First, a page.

Of Blizzards, Titans and Successive Lives

Blizzard Entertainment logoIn a recent blog post, Ciaran Laval wrote about Blizzard’s cancellation of its extremely ambitious project Titan, and opined that it could affect the fate of the new virtual world platform that Linden Lab is working on. What makes the cancellation of this project important is that it’s been in the works for about seven years now, and what makes it seem relevant to Linden Lab’s actions and product portfolio management is that Blizzard and Linden Lab both have MMOs as their main source of income, and that Titan was touted as the “next big thing”.

In comments to Polygon, Blizzard co-founder and CEO Mark Mohaime and Chris Metzen, Blizzard’s senior vice president of story and franchise development, offer partially useful insights into their decision to axe this big-budget project. Note that I say “partially”, because at least some of the real reasons will remain for a considerable amount of time with the people involved. Truth be told, it’s rare for any company to cancel without very serious reasons a large project it’s been working on for years.

In other quarters, talk is made of “fear of cannibalisation”, i.e. that Titan would eat into the market of other franchises in Blizzard’s portfolio, most notably World of Warcraft. In other words, it’s claimed that Blizzard feared existing WoW users would stop playing WoW, with some of them migrating to Titan and others moving to other MMOs developed by competing companies. This explanation is rather plausible, as Blizzard wants to have a relatively diverse portfolio and harvest income from all of its products, without fearing that one product would cannibalise the other. In this context, cannibalisation simply means that you’ve spent precious money to develop a new product, which is supposed either to address a different market segment or to cause your clients to buy both products – and, instead, the new product merely transfers buyers from the previous product to the other or causes them to seek gratification in the products of your competitors.

How does this all relate to Linden Lab?

linden-lab-logoIt has been theorised that the Lab’s next-generation virtual world, which is rather erroneously referred to as “SL 2.0” by many in the SL user base, and whose development was confirmed last June by LL CEO Ebbe Altberg, could “cannibalise” Second Life and harm the company in the process, so lessons should be learned from the cancellation of Titan. I beg to differ, and here’s why:

For starters, Linden Lab doesn’t have a diverse portfolio of MMOs. The only “big” product it has in the MMO / virtual world market at the moment is Second Life. Second Life, in turn, is both a product and a platform, but I think emphasis should be given to the “product” aspect, since you can’t create your own private or corporate installation of Second Life – this job has been pretty much left to OpenSim.

Second, Second Life has been historically saddled with poor design decisions that caused it to have severe limitations. It doesn’t scale well, it doesn’t support procedural textures, you can’t import custom avatar skeletons, the default avatar mesh is a mess, mesh support was implemented in a way that left a lot to be desired (especially when it comes to avatar clothing), etc. And, right now, it seems that it will finally have some real competition in the face of High Fidelity. Please note that the Lab is a very minor initial investor in HiFi, so the two are really far more likely to be competitors than partners.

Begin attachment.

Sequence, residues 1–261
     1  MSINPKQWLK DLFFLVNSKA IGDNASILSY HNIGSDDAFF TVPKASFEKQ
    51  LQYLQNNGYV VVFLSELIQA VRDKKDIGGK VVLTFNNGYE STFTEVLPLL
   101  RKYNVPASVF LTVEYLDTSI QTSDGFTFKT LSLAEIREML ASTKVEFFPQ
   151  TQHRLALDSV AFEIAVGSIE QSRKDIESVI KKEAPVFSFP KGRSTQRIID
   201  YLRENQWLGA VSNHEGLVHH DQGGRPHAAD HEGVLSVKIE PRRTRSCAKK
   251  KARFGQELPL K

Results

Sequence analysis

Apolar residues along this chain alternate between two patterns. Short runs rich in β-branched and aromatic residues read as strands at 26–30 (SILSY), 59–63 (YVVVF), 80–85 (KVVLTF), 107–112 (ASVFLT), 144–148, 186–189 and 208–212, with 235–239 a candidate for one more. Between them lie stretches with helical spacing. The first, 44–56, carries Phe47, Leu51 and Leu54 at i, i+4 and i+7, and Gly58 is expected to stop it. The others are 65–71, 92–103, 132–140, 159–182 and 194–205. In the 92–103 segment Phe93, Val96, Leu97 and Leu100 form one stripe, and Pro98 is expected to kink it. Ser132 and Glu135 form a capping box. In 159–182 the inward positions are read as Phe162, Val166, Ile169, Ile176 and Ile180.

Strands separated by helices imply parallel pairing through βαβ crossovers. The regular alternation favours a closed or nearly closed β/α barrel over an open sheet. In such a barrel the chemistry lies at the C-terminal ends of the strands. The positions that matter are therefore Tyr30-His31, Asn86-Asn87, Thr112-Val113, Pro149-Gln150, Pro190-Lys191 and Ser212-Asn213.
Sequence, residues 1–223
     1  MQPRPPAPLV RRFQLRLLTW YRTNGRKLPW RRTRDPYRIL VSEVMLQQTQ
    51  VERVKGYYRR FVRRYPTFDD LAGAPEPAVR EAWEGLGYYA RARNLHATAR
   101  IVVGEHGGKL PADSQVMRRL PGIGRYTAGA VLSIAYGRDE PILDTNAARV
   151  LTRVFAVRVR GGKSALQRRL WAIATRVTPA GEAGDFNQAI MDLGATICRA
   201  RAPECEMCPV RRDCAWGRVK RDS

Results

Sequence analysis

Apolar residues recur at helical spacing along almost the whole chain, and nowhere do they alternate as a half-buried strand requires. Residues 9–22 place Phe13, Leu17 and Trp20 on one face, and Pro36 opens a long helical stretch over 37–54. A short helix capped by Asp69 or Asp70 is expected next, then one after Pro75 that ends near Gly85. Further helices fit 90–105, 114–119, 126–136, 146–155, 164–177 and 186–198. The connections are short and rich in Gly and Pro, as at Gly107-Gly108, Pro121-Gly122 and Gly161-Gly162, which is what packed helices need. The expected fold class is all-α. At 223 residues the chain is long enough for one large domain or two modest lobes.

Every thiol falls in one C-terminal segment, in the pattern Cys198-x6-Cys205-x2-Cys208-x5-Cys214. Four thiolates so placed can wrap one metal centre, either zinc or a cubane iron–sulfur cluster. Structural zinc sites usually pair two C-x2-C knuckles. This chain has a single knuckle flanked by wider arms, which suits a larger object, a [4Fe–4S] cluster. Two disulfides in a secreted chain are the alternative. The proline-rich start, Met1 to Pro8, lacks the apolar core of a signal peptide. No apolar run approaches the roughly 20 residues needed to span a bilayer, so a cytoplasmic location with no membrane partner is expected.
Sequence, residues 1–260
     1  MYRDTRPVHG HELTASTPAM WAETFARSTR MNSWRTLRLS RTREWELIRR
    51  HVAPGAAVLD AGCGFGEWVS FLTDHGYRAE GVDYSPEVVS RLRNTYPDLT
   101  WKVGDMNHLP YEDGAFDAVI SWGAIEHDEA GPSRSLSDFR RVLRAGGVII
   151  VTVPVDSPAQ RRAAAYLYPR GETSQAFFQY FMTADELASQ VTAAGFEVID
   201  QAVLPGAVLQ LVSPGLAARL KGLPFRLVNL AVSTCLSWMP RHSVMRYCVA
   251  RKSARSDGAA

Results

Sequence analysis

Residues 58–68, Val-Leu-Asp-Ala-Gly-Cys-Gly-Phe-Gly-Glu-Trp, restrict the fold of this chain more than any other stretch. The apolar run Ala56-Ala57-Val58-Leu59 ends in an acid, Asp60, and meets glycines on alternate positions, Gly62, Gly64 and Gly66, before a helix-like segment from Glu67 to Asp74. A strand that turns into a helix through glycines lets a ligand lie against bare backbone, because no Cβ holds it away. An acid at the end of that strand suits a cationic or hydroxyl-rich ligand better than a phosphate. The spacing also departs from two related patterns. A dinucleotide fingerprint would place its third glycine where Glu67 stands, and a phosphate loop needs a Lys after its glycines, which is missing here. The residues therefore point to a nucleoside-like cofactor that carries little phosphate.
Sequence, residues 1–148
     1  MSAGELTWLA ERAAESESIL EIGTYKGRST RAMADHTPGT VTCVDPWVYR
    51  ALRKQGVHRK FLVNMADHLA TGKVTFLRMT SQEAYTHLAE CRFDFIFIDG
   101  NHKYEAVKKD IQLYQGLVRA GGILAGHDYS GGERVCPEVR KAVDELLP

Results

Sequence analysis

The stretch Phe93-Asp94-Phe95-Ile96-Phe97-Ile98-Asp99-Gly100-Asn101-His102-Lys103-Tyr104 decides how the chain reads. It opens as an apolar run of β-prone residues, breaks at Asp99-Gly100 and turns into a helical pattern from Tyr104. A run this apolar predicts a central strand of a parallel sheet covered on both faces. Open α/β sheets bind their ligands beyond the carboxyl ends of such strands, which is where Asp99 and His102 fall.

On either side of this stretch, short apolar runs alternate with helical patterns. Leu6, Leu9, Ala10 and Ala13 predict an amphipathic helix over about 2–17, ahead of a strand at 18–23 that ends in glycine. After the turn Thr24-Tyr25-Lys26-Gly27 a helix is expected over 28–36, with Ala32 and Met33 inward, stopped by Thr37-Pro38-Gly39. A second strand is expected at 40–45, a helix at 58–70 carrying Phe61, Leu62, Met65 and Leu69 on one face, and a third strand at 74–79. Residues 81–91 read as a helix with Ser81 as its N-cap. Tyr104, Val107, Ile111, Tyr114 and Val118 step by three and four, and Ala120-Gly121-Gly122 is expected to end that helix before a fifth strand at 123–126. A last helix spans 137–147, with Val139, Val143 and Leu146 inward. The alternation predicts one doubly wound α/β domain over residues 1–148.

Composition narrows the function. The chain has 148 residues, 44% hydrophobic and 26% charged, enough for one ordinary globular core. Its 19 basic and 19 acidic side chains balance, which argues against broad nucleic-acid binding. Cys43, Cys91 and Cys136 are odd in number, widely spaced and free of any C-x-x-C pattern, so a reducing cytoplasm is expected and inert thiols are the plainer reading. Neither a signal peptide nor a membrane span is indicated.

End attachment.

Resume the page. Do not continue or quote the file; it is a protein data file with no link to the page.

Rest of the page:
Third, Second Life as a brand has been tarnished, not least because of the ill-advised overhyping of the 2006-2007, when both the Press and the Lab were marketing it as the be-all, end-all internet platform, even though it was clearly not ready (technically) to do most of the things Mr. Rosedale promised. And I’m not even touching the various controversies that have surrounded SL.

Fourth, maintaining SL’s codebase is, as many Lindens readily admit, a “non-trivial task”, and I think they’re putting it mildly.

So, I have every reason to believe that the Lab is rather keen to replace Second Life with a new platform, which will not only be technically better, but also far more versatile, and free from the – largely undeserved – tarnished reputation of the old product. They want the new platform (note that I stress this word) to cannibalise Second Life; they want SL users and content creators to ditch the old virtual world and move on to the new one, and they want new users (individuals, institutions, corporations, etc) to come in – when the next-generation platform is launched, SL will remain open as long as it’s still profitable.

In other words, Linden Lab’s situation is really entirely different from Blizzard’s, and I don’t see how they’d want to reconsider the decision to develop a next-generation virtual world platform, given that SL is already showing its age – and, in the IT industry, time is really unkind to everything. I would also like to point out that Titan had reached a point where it made sense for Blizzard to either ship it or cancel it. Seven years is an extremely long time for the development of any kind of software. Too long, perhaps.

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5 thoughts on “Of Blizzards, Titans and Successive Lives

  1. Not sure I entirely agree with either side of the argument – yours or Ciaran’s.

    While it is true that SL and the Lab and their next generation platform are somewhat different to Blizzard’s situation with Titan – the latter having been in development hell for seven years, there is undoubtedly a risk the Lab must face in developing a potential “replacement” for SL – and Ciaran is somewhat right in offering-up caution.

    The reality for the Lab is thatfor the foreseeable future, they only have one guaranteed audience for a virtual world product – that’s the people already using SL and the likes of OpenSim. In theory there is the potential to reach a much bigger audience, but until it actually happens, that’s pretty much all it is – a theory; a hope. It really is (to use the famous misquote from Field of Dreams) “If you build it…” territory – and you can put the “will” either after or before the “they” and add any necessary question mark accordingly.